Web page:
According to data released Thursday, traffic speeds on the freeway between State Highways 183 and 114 more than doubled after TxDOT started letting drivers use the shoulders during rush hour. Officials say it’s the first place in Texas where drivers are allowed to use shoulders — though they’re now exploring other places to do the same thing.
That Irving stretch of SH 161 is often called “three-mile island” because TxDOT owns and operates it, while the North Texas Tollway Authority owns and operates the rest of the highway. TxDOT’s portion is only two lanes, while NTTA’s portions are three lanes. That lane imbalance effectively acted as a funnel that backed up traffic each day.
“This has been a huge problem for the North Texas Tollway Authority,” regional transportation director Michael Morris said Thursday.
TxDOT opened shoulders starting Sept. 14. Experts say one of the best ways to solve urban congestion is to focus on redesigning or rebuilding specific chokepoints. Simply relying on expanding highways, they say, can actually make traffic worse.
State Highway 161′s average morning rush-hour speed for the eight work days before the shoulders opened was 30.7 mph. The average northbound speed in the eight work days after the opening shot up to 66 mph.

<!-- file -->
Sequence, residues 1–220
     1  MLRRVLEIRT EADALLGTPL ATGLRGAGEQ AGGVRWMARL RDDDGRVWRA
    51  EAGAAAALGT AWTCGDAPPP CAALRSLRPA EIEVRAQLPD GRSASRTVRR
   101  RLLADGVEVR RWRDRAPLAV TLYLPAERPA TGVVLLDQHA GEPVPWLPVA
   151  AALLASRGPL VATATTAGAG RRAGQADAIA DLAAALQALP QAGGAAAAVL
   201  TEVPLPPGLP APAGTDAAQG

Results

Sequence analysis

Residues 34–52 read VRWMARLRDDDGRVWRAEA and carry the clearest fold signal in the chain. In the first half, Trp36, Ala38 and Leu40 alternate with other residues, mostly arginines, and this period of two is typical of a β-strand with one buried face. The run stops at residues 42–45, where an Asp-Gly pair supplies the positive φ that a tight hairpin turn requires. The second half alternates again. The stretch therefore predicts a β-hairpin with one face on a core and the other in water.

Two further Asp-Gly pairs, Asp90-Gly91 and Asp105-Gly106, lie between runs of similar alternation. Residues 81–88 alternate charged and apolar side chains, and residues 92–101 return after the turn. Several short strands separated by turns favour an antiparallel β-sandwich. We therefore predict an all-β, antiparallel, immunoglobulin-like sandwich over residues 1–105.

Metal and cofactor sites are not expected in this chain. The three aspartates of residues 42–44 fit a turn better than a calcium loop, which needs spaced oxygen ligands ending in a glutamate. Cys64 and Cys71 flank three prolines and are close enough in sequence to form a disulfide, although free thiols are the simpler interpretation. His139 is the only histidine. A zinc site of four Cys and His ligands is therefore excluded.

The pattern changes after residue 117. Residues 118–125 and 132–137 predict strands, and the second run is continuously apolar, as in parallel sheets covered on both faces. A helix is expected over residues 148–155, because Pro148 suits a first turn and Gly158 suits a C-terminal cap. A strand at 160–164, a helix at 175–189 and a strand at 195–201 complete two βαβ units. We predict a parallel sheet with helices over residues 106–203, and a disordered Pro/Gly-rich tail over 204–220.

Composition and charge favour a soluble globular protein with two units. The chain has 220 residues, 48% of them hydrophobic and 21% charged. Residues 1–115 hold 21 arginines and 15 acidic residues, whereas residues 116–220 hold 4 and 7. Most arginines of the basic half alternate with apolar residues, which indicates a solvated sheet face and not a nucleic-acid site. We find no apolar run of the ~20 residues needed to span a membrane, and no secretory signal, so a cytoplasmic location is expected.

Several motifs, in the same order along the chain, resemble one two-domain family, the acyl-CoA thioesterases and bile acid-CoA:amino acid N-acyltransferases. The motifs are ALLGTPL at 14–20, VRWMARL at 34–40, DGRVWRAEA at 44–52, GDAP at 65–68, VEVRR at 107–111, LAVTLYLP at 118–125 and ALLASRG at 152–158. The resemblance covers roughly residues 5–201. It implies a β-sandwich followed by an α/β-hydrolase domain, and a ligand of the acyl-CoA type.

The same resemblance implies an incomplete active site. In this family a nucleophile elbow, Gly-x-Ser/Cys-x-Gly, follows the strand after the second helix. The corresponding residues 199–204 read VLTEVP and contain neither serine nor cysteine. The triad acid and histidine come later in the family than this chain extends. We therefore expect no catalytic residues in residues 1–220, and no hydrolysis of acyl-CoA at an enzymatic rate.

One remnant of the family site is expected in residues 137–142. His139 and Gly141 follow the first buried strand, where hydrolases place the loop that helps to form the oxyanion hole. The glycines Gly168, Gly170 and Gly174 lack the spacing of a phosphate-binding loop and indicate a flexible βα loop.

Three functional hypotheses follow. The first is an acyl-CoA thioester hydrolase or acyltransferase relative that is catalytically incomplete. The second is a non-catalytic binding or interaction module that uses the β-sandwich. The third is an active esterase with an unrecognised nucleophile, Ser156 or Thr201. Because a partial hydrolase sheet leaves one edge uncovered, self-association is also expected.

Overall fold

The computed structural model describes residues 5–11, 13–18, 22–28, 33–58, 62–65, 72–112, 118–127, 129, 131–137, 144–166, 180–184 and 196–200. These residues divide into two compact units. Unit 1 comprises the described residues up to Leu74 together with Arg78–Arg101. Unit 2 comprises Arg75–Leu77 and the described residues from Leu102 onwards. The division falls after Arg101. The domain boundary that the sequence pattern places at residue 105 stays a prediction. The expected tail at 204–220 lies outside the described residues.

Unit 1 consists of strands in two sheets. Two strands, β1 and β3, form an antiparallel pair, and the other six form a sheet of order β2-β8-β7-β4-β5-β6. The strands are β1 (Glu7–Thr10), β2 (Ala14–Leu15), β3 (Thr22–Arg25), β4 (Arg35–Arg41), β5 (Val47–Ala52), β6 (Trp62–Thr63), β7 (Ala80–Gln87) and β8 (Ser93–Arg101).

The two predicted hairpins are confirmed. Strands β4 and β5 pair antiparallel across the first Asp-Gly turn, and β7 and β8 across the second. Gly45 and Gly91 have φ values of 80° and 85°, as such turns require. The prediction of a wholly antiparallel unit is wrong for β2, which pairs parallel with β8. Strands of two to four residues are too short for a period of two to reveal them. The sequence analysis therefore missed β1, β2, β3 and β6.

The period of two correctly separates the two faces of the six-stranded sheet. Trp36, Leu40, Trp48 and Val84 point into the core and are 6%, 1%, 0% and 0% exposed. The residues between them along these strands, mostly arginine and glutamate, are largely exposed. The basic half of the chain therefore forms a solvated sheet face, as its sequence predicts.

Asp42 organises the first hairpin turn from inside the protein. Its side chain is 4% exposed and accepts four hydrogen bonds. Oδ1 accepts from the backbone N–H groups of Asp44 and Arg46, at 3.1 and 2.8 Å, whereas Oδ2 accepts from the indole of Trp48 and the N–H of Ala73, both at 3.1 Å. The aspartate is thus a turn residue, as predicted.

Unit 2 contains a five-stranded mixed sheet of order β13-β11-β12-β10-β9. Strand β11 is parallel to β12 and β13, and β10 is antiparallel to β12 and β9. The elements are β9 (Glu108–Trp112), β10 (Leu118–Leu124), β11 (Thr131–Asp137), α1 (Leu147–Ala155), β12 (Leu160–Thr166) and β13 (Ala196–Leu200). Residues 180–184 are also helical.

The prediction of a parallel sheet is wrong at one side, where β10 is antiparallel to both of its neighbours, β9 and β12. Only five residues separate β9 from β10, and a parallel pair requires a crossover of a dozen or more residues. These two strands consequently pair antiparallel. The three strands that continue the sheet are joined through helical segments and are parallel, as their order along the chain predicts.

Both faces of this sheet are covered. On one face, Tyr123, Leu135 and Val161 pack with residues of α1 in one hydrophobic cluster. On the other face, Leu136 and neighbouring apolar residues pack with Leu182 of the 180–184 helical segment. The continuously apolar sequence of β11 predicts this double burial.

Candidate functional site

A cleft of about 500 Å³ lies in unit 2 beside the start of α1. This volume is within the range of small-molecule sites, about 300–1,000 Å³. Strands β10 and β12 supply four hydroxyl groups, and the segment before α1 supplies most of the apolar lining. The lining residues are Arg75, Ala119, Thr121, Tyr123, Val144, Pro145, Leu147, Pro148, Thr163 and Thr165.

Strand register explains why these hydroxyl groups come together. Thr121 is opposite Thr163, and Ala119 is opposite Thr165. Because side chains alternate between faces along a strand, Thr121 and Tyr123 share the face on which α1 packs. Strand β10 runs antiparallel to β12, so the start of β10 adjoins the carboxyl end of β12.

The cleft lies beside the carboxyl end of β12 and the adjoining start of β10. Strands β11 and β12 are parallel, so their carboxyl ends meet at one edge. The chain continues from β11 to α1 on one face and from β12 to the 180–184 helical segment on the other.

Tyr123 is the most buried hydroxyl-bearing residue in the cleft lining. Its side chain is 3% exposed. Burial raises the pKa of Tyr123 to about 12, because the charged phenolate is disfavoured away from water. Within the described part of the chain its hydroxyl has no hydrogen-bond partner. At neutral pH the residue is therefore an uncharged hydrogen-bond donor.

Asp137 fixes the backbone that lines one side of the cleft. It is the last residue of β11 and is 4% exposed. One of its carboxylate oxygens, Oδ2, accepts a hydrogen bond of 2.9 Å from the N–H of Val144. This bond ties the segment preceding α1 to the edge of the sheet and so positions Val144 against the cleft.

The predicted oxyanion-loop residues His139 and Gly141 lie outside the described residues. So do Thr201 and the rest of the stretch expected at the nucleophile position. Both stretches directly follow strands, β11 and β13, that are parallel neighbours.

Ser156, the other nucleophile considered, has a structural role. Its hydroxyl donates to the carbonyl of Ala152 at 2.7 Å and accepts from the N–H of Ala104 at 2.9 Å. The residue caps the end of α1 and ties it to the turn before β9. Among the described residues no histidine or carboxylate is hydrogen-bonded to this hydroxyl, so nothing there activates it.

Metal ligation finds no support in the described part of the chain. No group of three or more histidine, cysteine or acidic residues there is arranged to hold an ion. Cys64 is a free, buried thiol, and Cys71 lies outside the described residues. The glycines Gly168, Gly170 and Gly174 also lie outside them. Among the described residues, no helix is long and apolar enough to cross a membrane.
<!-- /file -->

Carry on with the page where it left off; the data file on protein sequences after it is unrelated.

Morning motorists who drove the stretch at 8 a.m. saw the biggest difference. That’s when average speeds increase 57 mph. Evening commuters who drove it at 4:30 p.m saw average speeds increase 51.2 mph.
Morris said the North Central Texas Council of Governments will keep an eye on the area to make sure congestion doesn’t return.
“We’ll continue to monitor that,” Morris said.
TxDOT, meanwhile, is looking at applying the same concept to other North Texas corridors.
“Due to the success, it’s something we’re going to look at in the future for sure,” said TxDOT spokesman Tony Hartzel.
At the top of their list is Central Expressway north of LBJ Freeway. It could take years to get federal approval and convert carpool lanes back to shoulders that would then be opened up during rush hour. But a discussion has already begun.
“It’s a candidate,” Hartzel said.
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